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This post is part 38 of 41 in the series Programming by Stealth

Since this is the first instalment back after our summer hiatus, it seems like a good time to pause and take stock. I want to look back to revise what we’ve learned to far, and, to look forward to where I want to take this series next.

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This post is part 37 of 41 in the series Programming by Stealth

In this instalment we take a break from what we’ve been doing to take an in-depth look at code documentation. I’ve regularly included documentation generated with JSDoc as one of the inputs to the challenges, and I’ve done so with the implicit assumption that those docs would be intuitively meaningful to you all. Talking with Allison two things became clear to me – firstly, that I had made this implicit assumption, and secondly, that it was completely wrong! Code documentation is a lot like man pages on the terminal – the structure of how the words are presented often carry as much meaning as the words themselves. With decades of experience this is obvious, but it’s not intuitively obvious to novices.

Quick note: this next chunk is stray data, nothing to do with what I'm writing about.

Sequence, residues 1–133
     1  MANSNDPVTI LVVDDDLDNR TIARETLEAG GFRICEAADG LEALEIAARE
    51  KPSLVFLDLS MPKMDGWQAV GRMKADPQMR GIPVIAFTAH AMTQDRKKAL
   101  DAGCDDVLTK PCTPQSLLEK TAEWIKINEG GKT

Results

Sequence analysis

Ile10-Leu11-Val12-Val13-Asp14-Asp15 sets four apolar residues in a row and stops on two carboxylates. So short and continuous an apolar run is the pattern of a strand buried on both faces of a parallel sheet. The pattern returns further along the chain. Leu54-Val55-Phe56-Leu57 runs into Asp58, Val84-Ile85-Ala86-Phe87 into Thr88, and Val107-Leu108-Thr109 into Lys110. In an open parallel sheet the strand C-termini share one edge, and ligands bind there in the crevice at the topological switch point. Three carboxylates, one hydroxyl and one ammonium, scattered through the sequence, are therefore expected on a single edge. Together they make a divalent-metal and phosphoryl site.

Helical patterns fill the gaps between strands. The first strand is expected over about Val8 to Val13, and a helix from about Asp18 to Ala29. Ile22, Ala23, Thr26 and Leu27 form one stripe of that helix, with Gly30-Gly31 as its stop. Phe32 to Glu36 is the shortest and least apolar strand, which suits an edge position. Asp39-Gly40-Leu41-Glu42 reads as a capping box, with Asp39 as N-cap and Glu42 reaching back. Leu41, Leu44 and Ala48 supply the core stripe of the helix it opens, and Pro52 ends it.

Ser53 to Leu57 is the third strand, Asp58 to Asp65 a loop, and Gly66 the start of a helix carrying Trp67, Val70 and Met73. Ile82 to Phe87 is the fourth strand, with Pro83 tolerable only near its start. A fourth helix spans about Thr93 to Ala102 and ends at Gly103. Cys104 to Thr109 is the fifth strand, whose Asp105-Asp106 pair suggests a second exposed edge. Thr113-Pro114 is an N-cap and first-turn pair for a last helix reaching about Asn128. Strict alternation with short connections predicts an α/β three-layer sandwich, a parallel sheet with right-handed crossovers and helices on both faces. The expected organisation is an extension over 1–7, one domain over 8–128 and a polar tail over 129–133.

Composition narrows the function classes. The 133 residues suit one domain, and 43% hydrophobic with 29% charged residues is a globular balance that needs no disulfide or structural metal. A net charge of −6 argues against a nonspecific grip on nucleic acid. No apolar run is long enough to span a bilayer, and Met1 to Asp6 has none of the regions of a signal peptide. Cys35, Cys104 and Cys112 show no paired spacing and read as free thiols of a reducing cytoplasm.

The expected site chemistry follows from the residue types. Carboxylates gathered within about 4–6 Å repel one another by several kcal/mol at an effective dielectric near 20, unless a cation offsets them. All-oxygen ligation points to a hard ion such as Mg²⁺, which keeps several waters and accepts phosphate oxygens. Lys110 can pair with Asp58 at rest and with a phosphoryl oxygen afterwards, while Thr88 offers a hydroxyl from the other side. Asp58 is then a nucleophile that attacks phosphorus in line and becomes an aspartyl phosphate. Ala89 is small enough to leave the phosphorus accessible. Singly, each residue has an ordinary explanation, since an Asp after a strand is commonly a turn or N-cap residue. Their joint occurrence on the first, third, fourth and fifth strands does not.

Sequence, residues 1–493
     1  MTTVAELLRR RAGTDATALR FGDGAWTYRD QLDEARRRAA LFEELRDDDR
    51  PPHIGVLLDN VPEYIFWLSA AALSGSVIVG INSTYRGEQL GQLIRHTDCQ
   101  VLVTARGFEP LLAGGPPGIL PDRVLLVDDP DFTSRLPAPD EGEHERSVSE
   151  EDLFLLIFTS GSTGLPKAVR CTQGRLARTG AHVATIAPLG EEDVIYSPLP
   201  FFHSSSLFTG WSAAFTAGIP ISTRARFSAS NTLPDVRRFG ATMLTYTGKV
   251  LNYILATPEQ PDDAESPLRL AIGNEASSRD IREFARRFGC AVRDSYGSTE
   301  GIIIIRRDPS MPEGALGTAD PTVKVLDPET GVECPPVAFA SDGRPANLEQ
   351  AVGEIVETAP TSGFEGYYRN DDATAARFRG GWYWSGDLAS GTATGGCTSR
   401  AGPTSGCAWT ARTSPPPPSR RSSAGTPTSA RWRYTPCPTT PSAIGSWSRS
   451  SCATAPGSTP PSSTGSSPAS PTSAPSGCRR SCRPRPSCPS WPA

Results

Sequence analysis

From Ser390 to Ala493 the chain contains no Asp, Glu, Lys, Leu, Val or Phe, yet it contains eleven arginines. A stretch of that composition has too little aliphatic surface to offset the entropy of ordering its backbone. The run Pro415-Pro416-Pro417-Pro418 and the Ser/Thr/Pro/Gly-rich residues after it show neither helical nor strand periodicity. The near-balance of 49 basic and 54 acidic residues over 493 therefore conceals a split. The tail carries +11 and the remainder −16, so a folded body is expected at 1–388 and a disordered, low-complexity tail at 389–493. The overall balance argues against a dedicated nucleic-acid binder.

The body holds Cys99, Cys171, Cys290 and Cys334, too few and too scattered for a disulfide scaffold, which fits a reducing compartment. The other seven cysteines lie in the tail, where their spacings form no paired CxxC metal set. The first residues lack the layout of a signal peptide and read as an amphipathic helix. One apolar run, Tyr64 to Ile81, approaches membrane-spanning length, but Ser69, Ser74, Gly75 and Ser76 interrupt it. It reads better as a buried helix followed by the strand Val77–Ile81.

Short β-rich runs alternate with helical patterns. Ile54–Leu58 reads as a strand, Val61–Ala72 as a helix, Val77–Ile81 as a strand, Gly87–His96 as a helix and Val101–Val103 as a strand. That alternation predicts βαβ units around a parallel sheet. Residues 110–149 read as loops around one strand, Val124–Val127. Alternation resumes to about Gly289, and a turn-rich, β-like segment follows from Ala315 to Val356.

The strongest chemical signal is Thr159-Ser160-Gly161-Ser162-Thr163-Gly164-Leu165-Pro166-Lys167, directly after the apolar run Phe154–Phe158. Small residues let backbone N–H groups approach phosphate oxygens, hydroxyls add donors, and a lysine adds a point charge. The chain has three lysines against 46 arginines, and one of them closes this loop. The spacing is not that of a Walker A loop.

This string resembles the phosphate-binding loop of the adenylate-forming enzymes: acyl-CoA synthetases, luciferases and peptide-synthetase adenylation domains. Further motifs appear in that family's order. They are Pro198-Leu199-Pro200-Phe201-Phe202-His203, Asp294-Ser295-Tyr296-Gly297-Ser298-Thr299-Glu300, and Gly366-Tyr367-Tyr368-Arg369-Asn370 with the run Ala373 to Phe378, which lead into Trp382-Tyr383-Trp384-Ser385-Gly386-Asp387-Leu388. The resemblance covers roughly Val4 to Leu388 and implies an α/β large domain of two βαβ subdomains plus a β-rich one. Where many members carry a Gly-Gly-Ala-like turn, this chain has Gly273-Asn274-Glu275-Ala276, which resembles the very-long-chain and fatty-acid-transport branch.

To remedy this I thought it would be useful to go through the entire cycle of documenting one function, and that the appropriate format for that was a screencast. When I sat down to record the screencast I couldn’t help but use the opportunity to share my toolkit with you all, so the screencast starts with a little demo of the development tools I’m currently using to develop the Cellular Automaton API we’re working on as part of this series.